Polish National Security Thinking in a Changing Europe

A Conference Report

by Ronald D. Asmus, Thomas S. Szayna, Barbara A. Kliszewski


Full Document

FormatFile SizeNotes
PDF file 2.3 MB

Use Adobe Acrobat Reader version 10 or higher for the best experience.


Purchase Print Copy

 FormatList Price Price
Add to Cart Paperback51 pages $20.00 $16.00 20% Web Discount

This report analyzes the discussions between Polish and U.S. security experts during a conference on The Military and National Security Policy, held in Warsaw, Poland, June 11-13, 1990. The conference was devoted to the issues of civil-military relations and national security policy in the new democracies of Eastern Europe. One central conclusion can be drawn from the conference: Poland sees itself as having inherited a new set of national security concerns as a result of the far-reaching political and military changes that have taken place in Europe. Poland also perceives a national security threat coming from the Soviet Union, should Moscow return to a more authoritarian form of rule. Finally, Polish officials are concerned about the creation of a European security system in which they have second-class status. Against this background, the United States must clarify its policy with regard to the security concerns of Poland and East-Central Europe.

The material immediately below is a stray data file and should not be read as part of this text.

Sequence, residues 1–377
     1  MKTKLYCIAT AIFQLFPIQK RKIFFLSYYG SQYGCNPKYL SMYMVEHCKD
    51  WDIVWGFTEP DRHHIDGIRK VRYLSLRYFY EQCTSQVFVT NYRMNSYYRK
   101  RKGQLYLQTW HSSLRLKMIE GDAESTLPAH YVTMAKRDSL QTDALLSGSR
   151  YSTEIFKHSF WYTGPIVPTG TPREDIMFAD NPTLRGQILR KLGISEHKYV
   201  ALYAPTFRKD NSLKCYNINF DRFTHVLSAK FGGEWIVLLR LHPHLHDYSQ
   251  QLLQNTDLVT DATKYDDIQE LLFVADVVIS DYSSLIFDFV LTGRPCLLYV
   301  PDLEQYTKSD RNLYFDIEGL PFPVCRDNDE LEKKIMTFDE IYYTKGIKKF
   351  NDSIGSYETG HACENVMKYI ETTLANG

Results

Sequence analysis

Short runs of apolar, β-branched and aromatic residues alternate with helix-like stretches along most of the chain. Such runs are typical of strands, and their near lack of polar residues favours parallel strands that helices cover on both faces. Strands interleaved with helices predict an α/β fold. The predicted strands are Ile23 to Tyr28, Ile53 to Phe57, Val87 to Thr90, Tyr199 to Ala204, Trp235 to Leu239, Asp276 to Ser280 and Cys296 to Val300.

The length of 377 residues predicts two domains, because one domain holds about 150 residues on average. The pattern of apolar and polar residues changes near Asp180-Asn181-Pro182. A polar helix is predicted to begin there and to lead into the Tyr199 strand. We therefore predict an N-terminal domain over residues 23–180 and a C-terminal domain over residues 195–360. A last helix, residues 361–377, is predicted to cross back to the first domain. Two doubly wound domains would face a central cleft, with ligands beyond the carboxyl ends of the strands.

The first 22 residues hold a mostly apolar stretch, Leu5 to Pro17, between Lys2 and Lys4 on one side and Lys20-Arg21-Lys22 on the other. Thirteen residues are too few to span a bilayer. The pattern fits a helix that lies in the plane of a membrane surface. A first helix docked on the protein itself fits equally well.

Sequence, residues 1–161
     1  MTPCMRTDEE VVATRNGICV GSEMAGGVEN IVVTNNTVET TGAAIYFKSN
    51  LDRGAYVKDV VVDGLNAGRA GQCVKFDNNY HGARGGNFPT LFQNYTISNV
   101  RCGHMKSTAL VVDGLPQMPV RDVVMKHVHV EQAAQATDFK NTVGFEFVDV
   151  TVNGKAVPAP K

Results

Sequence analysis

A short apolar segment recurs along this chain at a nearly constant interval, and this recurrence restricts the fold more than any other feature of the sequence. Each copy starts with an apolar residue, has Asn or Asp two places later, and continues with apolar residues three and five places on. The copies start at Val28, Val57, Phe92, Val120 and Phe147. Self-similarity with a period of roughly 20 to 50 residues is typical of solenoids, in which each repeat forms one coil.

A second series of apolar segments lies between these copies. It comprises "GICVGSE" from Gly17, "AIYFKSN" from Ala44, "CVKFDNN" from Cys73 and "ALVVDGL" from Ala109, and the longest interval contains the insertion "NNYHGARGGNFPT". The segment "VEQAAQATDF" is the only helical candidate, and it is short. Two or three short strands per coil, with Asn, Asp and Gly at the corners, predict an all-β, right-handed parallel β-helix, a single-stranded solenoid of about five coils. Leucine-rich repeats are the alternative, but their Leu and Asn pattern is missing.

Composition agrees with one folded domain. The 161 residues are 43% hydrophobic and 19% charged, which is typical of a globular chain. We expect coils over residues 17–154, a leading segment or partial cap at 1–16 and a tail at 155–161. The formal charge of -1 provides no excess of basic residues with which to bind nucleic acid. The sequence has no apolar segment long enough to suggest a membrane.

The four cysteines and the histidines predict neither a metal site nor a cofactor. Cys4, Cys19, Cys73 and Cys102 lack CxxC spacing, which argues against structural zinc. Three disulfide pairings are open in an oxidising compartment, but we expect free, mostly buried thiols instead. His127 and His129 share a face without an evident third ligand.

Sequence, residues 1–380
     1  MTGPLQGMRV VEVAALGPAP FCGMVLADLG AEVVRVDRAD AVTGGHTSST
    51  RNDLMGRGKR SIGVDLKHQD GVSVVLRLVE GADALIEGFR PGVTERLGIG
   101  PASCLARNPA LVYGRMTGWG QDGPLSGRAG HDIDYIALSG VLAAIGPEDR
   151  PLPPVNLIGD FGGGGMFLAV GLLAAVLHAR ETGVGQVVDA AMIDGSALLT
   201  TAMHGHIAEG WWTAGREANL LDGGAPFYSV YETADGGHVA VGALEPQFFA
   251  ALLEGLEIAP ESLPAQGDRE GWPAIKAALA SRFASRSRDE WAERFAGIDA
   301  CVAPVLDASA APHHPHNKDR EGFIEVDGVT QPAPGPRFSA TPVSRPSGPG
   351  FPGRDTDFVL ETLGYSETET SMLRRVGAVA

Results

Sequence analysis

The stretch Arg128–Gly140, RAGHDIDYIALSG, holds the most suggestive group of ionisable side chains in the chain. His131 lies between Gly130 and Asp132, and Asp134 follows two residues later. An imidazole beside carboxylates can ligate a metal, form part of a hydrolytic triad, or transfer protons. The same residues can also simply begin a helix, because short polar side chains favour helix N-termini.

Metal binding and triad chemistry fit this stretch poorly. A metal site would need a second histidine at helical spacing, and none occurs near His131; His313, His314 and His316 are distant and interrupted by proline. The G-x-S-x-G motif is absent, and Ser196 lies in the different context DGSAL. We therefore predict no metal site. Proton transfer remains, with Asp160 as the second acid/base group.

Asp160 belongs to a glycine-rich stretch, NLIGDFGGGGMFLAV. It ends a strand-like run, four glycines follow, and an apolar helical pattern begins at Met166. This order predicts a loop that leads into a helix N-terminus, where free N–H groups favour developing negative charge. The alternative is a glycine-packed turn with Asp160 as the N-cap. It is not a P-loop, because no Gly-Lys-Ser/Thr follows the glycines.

This report is part of the RAND Corporation Report series. The report was a product of the RAND Corporation from 1948 to 1993 that represented the principal publication documenting and transmitting RAND's major research findings and final research.

Permission is given to duplicate this electronic document for personal use only, as long as it is unaltered and complete. Copies may not be duplicated for commercial purposes. Unauthorized posting of RAND PDFs to a non-RAND Web site is prohibited. RAND PDFs are protected under copyright law. For information on reprint and linking permissions, please visit the RAND Permissions page.

The RAND Corporation is a nonprofit institution that helps improve policy and decisionmaking through research and analysis. RAND's publications do not necessarily reflect the opinions of its research clients and sponsors.